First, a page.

Quake 3: Arena - your average frag video (old)

I remember back in the day I would have struggled with this even on keyboard and mouse. Aiming, moving and shooting were the limits of my skill. Over time however, it became muscle memory, a reflex that is instinctively ingrained in the way I play these games. I don't think about it, and I think for a lot of people who grew up playing FPS games on PC it would be the same. So you consider other things, get better at other techniques, learn weapon mechanics and so on and so forth. Not for every game, but at least for those that offer them. When you go 'back' to a game where all you really have to think about is aiming, moving and shooting because that's all you really can do ... it's hard to break out of habits. I want to do certain things and I just cant do them. This is, in my opinion, a problem.

I didn't voice my opinion of the game at the time, mainly because I knew it would have gone on deaf ears and because it wasn't what other people wanted to hear. As much of an elitist prick I can be on this blog at times, I know when my views are not welcome in a social situation. So, I swallowed my pride, took my helping of fail and smiled politely when the owner of the game boasted of their score at the end, repeatedly. Remaining humble and collected was more of a challenge to me than expressing my opinion, something I think more people should do more often concerning other topics in life. I did quietly kick his ass at SSFIV later though :)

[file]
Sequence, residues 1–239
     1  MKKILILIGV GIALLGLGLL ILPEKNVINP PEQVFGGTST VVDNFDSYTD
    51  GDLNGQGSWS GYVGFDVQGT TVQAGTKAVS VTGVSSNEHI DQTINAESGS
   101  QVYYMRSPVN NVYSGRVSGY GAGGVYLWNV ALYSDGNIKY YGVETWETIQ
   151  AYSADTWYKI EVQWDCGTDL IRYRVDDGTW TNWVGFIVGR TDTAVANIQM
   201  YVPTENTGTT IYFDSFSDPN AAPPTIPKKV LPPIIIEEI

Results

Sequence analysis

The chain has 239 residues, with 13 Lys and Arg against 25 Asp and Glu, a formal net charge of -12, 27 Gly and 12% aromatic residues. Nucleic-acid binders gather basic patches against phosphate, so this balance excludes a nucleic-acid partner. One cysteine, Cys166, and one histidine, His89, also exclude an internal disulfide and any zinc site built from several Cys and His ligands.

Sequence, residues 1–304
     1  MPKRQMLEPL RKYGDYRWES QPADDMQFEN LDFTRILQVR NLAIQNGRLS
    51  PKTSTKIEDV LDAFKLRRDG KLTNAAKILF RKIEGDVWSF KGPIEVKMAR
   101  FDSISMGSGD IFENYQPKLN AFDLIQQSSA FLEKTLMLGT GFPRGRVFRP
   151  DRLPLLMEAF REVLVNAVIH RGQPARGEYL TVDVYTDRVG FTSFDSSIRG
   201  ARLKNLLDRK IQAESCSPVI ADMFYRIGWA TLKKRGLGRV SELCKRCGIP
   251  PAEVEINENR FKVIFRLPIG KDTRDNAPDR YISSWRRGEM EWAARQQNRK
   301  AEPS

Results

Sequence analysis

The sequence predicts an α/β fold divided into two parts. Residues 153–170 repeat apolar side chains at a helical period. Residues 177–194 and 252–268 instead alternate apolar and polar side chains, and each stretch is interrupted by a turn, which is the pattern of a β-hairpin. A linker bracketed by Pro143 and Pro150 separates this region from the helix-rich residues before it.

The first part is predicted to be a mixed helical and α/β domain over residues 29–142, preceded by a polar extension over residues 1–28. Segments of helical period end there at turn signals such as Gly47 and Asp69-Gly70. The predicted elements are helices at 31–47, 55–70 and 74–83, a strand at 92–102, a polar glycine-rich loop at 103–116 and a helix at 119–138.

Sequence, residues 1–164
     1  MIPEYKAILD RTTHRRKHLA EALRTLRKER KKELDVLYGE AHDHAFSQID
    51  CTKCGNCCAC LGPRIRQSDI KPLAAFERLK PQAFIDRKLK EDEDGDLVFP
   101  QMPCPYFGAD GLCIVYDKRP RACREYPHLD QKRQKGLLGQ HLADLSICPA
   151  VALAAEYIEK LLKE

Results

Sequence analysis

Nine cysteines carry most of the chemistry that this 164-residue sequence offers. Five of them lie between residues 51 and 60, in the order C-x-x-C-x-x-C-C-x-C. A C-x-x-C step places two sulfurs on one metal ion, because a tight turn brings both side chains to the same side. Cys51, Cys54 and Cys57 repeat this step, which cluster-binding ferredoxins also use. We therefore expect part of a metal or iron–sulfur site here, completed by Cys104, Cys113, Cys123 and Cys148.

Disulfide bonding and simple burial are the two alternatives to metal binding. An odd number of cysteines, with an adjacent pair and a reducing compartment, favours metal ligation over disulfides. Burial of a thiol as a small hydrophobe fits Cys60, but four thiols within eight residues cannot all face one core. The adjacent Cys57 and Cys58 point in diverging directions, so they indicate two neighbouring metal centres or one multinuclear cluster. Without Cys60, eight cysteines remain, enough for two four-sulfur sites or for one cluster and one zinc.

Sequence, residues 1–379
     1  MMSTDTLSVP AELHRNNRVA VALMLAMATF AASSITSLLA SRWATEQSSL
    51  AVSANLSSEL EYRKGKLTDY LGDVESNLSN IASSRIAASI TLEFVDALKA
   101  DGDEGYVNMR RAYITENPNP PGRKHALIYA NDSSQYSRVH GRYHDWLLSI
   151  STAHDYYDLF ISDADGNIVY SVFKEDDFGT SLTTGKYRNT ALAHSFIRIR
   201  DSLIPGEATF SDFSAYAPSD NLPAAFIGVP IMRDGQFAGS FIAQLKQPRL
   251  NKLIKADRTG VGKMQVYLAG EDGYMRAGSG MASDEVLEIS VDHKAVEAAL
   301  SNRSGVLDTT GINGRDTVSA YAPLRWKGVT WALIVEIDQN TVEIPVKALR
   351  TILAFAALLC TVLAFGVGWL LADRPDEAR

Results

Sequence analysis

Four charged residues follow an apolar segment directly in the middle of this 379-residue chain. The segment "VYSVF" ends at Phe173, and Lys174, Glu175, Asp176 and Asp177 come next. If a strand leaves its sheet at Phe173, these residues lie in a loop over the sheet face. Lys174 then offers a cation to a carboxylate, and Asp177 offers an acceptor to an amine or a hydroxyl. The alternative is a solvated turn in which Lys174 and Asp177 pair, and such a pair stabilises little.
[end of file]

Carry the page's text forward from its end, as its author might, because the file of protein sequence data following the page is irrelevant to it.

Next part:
So, to cut a long story short, this event can be summed up as a realisation of two things:
  1. Console FPS games (like Halo Reach) are not designed to allow players to employ many of the techniques, skills and logic that origintated from their PC ancestors
  2. People enjoy playing the aim-move-shoot mini-game that essentially is these sorts of games nowadays because its all you can do and because it is in itself a challenge due to the impracticality of the controller
Subconsciously I have always known this, but to see it laid out in front of me from a first-hand, social experience is horrifying.